An enormous area for import-export, the world’s largest online marketplace and growing purchasing power: with over 1.4 billion inhabitants, China remains a true economic superpower with which it is now impossible not to deal.
The crisis triggered during this period inevitably led to a setback for the Asian giant, whose GDP fell by 6.8% during the first quarter of the year. The last few months, however, have shown a reversal of the trend: the country is laboriously on the road to recovery, recording growth of 3.2% more than in the summer of 2019.
Although these figures are still far from those that have marked China’s development in recent times – usually around 6% per annum – they are undoubtedly encouraging and suggest expansion by the end of the year at around 1.2%, according to the International Monetary Fund.
However, some analysts do not rule out the possibility of even stronger growth, while in the rest of the world governments are struggling with the serious effects of the health emergency.
If this were the case, the People’s Republic would in fact be the only one of the world’s major economies to grow in 2020: this is a great opportunity, even for small and medium-sized enterprises in our country whose products enjoy an excellent reputation beyond the Great Wall.
Made in Italy has always been considered a synonym of quality by Chinese consumers: however, Italian business has traditionally looked with distrust at this enormous nation, seeing it as a threat represented by low-cost competition rather than an attractive area for the export of its products.
In more recent times, Italy has begun to bridge the gap and forge closer relations with Beijing: in fact, it was the first G7 member to join the Belt and Road Initiative, the official name of the new Silk Road destined to connect Europe and China strategically, increasing trade between the two areas.
There is a long way to go, but many sectors with high quality production could benefit from the current recovery in the eastern part of the country: manufacturing and the agrofood industry, which have always been fundamental components of the Italian economy, could be among the first to expand their business in China, aiming at a significant increase in exports through targeted investments.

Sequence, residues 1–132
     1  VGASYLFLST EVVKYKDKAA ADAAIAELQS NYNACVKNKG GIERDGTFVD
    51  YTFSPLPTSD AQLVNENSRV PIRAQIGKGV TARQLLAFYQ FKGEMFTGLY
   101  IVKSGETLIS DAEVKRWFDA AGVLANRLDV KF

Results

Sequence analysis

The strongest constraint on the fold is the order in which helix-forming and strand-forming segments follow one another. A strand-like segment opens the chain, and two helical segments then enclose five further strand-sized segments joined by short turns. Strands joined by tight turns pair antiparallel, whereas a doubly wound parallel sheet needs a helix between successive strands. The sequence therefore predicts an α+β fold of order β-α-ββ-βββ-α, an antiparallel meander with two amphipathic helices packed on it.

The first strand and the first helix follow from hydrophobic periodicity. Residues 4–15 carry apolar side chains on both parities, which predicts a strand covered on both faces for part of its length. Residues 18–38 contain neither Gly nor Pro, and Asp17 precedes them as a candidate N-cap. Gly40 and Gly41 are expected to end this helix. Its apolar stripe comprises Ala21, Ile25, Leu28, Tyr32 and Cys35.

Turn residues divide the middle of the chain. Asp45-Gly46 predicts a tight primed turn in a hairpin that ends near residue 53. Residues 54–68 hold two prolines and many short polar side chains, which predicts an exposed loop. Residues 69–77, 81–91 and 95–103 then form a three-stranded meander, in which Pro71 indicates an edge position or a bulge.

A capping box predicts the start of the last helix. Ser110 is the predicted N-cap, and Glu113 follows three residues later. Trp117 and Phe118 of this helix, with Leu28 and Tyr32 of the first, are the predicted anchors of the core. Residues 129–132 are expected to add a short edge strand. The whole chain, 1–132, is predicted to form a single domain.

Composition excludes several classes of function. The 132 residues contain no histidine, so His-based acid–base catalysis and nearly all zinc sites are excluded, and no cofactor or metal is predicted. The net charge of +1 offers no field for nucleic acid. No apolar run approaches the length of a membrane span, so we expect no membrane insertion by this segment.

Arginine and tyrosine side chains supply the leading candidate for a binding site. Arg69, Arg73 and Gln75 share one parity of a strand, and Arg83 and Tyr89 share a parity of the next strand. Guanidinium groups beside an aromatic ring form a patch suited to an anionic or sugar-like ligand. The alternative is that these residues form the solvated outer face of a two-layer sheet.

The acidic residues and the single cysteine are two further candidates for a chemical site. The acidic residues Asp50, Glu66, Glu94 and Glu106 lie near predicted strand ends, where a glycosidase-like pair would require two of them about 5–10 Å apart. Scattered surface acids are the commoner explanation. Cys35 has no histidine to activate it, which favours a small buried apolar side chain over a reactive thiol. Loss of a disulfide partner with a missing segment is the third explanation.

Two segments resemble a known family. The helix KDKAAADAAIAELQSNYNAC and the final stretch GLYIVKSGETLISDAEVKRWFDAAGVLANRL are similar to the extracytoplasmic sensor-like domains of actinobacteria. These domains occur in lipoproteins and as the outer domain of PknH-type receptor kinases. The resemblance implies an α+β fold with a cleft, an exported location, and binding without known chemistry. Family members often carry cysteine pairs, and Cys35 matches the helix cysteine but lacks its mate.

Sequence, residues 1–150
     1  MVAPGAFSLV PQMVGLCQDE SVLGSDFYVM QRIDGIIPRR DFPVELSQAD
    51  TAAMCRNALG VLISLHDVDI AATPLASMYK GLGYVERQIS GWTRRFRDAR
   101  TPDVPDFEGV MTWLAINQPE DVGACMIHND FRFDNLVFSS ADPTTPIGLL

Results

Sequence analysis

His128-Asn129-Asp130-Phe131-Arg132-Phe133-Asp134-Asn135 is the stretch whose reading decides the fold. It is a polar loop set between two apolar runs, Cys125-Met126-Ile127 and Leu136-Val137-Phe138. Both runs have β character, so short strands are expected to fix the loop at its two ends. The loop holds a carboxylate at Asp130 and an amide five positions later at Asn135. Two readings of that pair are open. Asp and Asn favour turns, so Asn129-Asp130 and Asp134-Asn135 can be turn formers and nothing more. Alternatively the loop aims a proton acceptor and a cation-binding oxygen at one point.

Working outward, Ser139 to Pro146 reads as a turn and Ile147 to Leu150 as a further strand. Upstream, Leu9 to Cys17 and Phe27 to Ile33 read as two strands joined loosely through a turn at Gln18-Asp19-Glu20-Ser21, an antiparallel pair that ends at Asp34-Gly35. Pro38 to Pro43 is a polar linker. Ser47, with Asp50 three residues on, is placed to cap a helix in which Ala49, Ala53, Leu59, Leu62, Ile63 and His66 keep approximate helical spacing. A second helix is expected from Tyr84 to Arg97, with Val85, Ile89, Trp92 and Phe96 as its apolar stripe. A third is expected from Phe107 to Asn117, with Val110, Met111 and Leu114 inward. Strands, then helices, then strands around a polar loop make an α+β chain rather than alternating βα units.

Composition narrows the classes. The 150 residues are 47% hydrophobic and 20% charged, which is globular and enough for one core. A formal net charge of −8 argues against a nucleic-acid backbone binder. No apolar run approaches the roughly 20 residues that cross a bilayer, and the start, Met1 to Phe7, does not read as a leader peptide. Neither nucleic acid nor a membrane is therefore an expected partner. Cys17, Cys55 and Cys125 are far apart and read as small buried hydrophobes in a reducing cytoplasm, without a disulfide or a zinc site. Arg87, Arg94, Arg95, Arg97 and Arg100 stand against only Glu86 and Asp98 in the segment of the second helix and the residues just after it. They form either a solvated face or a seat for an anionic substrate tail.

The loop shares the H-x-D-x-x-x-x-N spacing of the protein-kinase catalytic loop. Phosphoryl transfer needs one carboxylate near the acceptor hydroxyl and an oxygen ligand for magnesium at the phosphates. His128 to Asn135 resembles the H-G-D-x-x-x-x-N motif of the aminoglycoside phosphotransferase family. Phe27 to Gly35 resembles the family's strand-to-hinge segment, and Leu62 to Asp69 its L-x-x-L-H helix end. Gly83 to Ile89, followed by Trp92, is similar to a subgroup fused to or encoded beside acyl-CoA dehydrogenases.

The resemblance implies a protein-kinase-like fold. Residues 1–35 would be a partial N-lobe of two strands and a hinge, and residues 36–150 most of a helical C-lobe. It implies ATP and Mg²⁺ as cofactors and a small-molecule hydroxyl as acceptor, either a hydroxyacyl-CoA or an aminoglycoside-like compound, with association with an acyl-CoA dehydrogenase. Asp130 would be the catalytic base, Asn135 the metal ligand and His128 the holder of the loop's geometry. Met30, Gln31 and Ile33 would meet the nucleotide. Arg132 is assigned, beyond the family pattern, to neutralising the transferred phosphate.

A concrete example is represented by the wine sector: Italy is only the fourth world exporter of this product to China, preceded by France, Australia and Chile. Despite the fact that the wine sector has always been a source of pride for Italy, there is still room for growth.
The process is hampered by the difficulties that traditionally afflict Italian companies when it comes to internationalisation: lack of knowledge of the target market and regulations in force, lack of up-to-date data on import-export trends, long timescales to find the necessary information and high costs to obtain complete analyses of suppliers, distributors and business partners located in the areas of interest.
With its unique access rules, the Chinese market is undoubtedly an even greater challenge, particularly for local SMEs looking for new business opportunities in emerging economies. Based on this awareness, Matchplat has long supported the expansion of companies abroad through dedicated services and personalised advice.
Thanks to an in-depth knowledge of Chinese culture and a strong focus on its economic dynamics, our team aims to build a bridge between Europe and the East, providing managers and entrepreneurs with comprehensive information.
The aim is to facilitate the creation of connections between Italy and China, making one with unlimited potential accessible to every reality: from the mapping of the most important industrial centres to the identification of new business partners, Matchplat offers SMEs technical and linguistic skills with which to exploit the new business opportunities offered by the People’s Republic.